It’s a cool, sunny afternoon in late fall, and Dean Fearing, one of the better-known chefs in America today, is cruising in a Jeep with businessman Mike Hughes and chef Robert Del Grande, hoping to get a shot at something on Hughes’s Broken Arrow Ranch, west of Kerrville.
Blond and fair, Fearing has eyes that almost seem to pop out of his head when he is enthusiastic about something. He leans forward in the Jeep, the better to see what game might be lurking on the sides of the rutted ranch road. Clutched in his hand is his deer rifle, a Marlin .30-30. It was a gift from his staff at the Mansion on Turtle Creek in Dallas.
Hughes, a burly, blue-eyed man in Levi’s and work boots, is driving. A Tennessee native, he once operated the London branch of a deep-sea-diving company that serviced off-shore oil wells. While in London, Hughes was struck by the amount of game consumed in Britain and on the Continent when little was available commercially in the United States.
Eight years ago, Hughes decided to take a less active role in the Houston-based diving business and spend more time with his family. He retuned to Texas, where he owned a portion of Broken Arrow, 6,000 acres of rocky, wooded Hill Country in three pieces of land, with 4,150 acres on the West Ranch, on which the group is hunting. At Broken Arrow and other ranches that belong to the Texas Wild Game Cooperative, a private corporation that he helped establish in 1983, Hughes harvests exotic game, and the meat is marketed under the Broken Arrow label to specialty food stores and restaurants.
Every year Hughes invites chefs from around the country to Broken Arrow for a few days of hunting—good business and a good time for Hughes, who admires chefs and enjoys food enormously. Today Del Grande, the chef at Cafe Annie in Houston, rides in the backseat. He doesn’t hunt. He just spots game and counsels Fearing. “I’m Dean’s patience,” he says. Del Grande is more contemplative, less excitable, than Fearing. It’s a nice play against type, for Del Grande is Mediterranean in appearance, a kind of elongated Dustin Hoffman. Del Grande has a Ph.D. in biochemistry, and other chefs seem a bit in awe of him.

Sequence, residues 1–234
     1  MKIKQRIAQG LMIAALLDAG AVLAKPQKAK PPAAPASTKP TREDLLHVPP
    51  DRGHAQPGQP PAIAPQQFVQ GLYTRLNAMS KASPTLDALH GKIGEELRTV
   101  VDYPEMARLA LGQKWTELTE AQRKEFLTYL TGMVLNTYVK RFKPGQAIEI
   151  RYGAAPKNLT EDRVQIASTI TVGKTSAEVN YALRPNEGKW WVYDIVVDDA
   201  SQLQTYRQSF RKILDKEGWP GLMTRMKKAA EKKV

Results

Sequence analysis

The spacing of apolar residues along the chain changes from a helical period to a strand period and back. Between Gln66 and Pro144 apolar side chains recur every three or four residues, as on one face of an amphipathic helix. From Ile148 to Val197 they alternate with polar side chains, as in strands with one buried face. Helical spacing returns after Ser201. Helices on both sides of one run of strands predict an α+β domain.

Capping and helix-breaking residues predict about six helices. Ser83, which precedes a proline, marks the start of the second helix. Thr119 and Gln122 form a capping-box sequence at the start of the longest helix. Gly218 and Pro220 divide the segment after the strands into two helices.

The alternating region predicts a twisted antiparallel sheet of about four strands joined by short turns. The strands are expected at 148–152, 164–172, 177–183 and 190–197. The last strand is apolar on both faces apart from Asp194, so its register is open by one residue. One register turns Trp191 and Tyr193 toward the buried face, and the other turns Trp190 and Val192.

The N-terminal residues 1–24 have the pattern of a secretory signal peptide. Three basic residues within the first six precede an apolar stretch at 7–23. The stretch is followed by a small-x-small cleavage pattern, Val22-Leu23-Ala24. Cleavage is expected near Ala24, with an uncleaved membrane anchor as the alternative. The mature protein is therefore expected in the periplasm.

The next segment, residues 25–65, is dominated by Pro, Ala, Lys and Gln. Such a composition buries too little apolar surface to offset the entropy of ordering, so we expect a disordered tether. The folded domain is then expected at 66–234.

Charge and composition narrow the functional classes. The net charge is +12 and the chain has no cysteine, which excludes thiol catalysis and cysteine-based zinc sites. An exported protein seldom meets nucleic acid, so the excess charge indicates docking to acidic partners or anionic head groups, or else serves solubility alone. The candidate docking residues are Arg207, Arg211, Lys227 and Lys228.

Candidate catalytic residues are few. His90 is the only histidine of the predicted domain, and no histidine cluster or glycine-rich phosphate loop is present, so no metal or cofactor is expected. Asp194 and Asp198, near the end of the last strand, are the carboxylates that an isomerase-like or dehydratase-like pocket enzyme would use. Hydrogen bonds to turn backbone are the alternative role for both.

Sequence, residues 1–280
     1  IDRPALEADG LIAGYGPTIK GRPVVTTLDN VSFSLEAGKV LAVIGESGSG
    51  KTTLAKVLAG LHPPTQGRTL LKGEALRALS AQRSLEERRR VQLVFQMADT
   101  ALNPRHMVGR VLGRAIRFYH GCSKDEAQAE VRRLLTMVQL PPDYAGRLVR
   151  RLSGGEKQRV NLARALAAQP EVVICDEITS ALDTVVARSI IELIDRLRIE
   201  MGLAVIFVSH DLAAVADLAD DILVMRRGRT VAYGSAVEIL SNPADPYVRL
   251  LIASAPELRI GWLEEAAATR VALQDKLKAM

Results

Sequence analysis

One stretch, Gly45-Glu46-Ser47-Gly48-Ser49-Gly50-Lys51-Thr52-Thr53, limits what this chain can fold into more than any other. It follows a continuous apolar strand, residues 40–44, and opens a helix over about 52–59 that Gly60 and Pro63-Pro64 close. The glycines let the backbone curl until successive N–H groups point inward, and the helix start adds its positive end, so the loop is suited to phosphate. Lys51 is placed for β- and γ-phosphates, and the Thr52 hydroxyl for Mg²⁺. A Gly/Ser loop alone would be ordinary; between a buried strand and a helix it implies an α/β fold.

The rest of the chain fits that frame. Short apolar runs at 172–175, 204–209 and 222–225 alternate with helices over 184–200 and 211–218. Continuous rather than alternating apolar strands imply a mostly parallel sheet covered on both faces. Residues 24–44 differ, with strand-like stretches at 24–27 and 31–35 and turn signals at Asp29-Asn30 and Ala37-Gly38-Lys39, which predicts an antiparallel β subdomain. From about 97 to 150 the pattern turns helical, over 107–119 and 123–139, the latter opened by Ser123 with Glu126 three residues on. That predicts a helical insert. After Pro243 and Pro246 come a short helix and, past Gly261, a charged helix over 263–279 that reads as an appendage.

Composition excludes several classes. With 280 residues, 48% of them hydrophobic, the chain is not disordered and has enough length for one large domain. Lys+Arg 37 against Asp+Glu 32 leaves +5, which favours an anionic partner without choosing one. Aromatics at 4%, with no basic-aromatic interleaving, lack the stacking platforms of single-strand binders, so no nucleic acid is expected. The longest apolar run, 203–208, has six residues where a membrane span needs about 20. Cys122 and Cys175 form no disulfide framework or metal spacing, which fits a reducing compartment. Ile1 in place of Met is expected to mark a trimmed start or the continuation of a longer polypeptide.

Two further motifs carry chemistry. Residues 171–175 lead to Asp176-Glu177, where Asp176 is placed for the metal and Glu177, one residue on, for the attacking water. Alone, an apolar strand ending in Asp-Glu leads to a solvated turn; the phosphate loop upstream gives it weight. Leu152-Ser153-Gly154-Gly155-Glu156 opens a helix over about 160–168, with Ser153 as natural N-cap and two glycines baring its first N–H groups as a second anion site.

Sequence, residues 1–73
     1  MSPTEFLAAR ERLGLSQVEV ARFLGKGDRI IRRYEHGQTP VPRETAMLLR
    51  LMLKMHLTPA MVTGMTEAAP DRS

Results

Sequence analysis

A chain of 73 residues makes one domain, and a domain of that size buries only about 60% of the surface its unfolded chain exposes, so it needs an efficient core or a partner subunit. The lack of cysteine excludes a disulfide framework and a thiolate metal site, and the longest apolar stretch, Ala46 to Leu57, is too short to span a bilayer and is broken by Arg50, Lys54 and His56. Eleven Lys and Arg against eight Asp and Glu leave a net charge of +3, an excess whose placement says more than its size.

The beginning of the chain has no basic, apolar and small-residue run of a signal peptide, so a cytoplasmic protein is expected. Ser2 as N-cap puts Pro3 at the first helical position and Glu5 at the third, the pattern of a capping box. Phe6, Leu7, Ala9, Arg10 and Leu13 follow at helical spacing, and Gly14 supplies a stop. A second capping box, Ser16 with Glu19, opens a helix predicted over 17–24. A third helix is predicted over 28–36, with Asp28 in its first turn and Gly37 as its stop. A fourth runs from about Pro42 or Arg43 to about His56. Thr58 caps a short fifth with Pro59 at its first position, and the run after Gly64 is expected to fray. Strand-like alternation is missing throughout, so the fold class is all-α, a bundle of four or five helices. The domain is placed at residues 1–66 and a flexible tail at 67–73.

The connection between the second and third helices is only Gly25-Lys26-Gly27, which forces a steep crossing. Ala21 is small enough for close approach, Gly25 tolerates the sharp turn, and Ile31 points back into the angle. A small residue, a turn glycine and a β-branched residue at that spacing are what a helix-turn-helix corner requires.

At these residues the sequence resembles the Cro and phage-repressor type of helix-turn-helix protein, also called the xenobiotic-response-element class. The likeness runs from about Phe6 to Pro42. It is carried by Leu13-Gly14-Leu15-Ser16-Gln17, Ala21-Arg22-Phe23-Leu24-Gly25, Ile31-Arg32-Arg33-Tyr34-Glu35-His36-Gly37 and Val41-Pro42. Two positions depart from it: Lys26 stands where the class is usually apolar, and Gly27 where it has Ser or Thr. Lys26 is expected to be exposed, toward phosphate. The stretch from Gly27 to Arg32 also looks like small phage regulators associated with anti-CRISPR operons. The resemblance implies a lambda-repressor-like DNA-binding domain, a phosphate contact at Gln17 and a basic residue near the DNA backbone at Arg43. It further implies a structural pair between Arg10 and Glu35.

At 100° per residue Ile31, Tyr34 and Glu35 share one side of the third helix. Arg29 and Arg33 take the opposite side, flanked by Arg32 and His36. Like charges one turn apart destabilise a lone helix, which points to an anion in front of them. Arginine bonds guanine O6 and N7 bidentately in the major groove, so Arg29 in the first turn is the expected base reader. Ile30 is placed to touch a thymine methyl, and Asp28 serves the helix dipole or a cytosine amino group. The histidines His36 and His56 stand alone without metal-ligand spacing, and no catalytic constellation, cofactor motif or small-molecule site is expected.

On Sunday, Fearing and Del Grande had driven out to Broken Arrow for the hunt. It’s Wednesday, and so far Fearing has had no luck. On previous hunts, he has fared better, taking deer and a wild boar. Before starting this tour of the ranch with Fearing and Del Grande, Hughes dropped off two other chefs—Jim Severson of Dakota’s in Dallas and Robbin Haas, formerly of Loews Anatole in Dallas –– who have elected to hunt from green-painted plywood blinds that offer a view of the areas frequented by feeding deer.
As the Jeep rolls along, animals skitter out of the way. There are native whitetails, mostly does and small bucks, as well as some of the exotic breeds that are Hughes’s stock-in-trade: spotted red axis deer, fallow deer, and black-buck antelope. Hughes keeps up a running commentary of instructions for Fearing. They spot an axis buck, but Hughes vetoes the shot: “Nah, that’s too small. Don’t shoot one that small. We’ll see a bigger one. If you get a shot, crank another round in the chamber right away.”
In the camp house a sign reads, “Please don’t shoot the spotted deer! Axis deer have spots just like Bambi. Don’t shoot the axis.” But Fearing has his host’s blessing to shoot an axis, and after a while another axis buck, a monster, appears about 175 yards away to the side of the road. Fearing can’t see the deer, which holds perfectly still. Hughes whispers frantically, “Right there, just to the right of that little tree. Can’t you see those antlers?” He can’t, until the buck bolts, but there’s no chance of hitting a moving deer at that range, so Hughes tools the Jeep down a track he considers likely to intercept the path of the buck. They glimpse the buck again briefly through the cedars. Then it’s gone. A walk through the cedar brake where it disappeared is to no avail. Hughes is sanguine: “That was a nice buck, but we’ll see another one.”
They don’t. A tour of likely spots as the sun and the temperature drop turns up only does and a few far-off, fleeing bucks. Finally, there is too little light for decent shooting, and the open Jeep is too cold, so the hunters return to the camp house. Another group, not chefs, but hunting buddies of Hughes’s from Tennessee, has come inside. They stand around the camp house, watching the chefs—Robbin Haas is back from his blind, but not Jim Severson –– as they begin to address the really big question: What’s for dinner?
The camp house living room has a massive concrete-block fireplace where the Tennesseans congregate. Its mantel is a clutter of cheerfully macabre memorabilia of past hunts –– bones, skulls, antlers, and hides. Behind a tall counter at one end of the room is the kitchen. A long table runs down the wall perpendicular to the counter. The kitchen has two refrigerators and two stoves. “How many hunting camps do you know that have a stove for the saucíer and one for the pastry chef?” chortles one of the chefs.
There’s not a lot of working room on the countertop, which is strewn with boxes of food, but the chefs sort things out without much trouble. They plunder the pantry cupboards, opening jars and sampling contents (“Not a bad little commercial barbecue sauce”). They bone-out and roast haunches of black buck from a Broken Arrow package and put a rub made from every spicy thing in the kitchen on a saddle of nilgai antelope, which will be basted with a mix of olive oil, soy sauce, molasses, vinegar, and honey. All the while, they nip at smoked wild boar ham and leg of wild lamb. Their pleasure in food—in cooking and in